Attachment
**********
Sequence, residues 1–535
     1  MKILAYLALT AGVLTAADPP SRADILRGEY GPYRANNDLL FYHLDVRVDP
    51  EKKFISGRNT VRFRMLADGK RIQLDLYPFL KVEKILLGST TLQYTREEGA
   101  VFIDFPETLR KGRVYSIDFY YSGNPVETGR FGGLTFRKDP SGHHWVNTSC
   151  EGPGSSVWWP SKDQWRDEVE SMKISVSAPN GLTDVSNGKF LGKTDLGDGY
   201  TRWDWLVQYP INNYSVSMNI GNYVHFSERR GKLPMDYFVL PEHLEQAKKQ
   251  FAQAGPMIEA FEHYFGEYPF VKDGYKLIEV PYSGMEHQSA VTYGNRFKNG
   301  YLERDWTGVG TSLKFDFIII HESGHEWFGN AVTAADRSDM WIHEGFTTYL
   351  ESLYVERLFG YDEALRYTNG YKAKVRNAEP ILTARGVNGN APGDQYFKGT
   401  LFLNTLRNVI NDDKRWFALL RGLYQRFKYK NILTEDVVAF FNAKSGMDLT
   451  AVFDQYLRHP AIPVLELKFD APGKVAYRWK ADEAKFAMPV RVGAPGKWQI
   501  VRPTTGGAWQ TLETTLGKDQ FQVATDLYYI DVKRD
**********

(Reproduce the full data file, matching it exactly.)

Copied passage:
Sequence, residues 1–535
     1  MKILAYLALT AGVLTAADPP SRADILRGEY GPYRANNDLL FYHLDVRVDP
    51  EKKFISGRNT VRFRMLADGK RIQLDLYPFL KVEKILLGST TLQYTREEGA
   101  VFIDFPETLR KGRVYSIDFY YSGNPVETGR FGGLTFRKDP SGHHWVNTSC
   151  EGPGSSVWWP SKDQWRDEVE SMKISVSAPN GLTDVSNGKF LGKTDLGDGY
   201  TRWDWLVQYP INNYSVSMNI GNYVHFSERR GKLPMDYFVL PEHLEQAKKQ
   251  FAQAGPMIEA FEHYFGEYPF VKDGYKLIEV PYSGMEHQSA VTYGNRFKNG
   301  YLERDWTGVG TSLKFDFIII HESGHEWFGN AVTAADRSDM WIHEGFTTYL
   351  ESLYVERLFG YDEALRYTNG YKAKVRNAEP ILTARGVNGN APGDQYFKGT
   401  LFLNTLRNVI NDDKRWFALL RGLYQRFKYK NILTEDVVAF FNAKSGMDLT
   451  AVFDQYLRHP AIPVLELKFD APGKVAYRWK ADEAKFAMPV RVGAPGKWQI
   501  VRPTTGGAWQ TLETTLGKDQ FQVATDLYYI DVKRD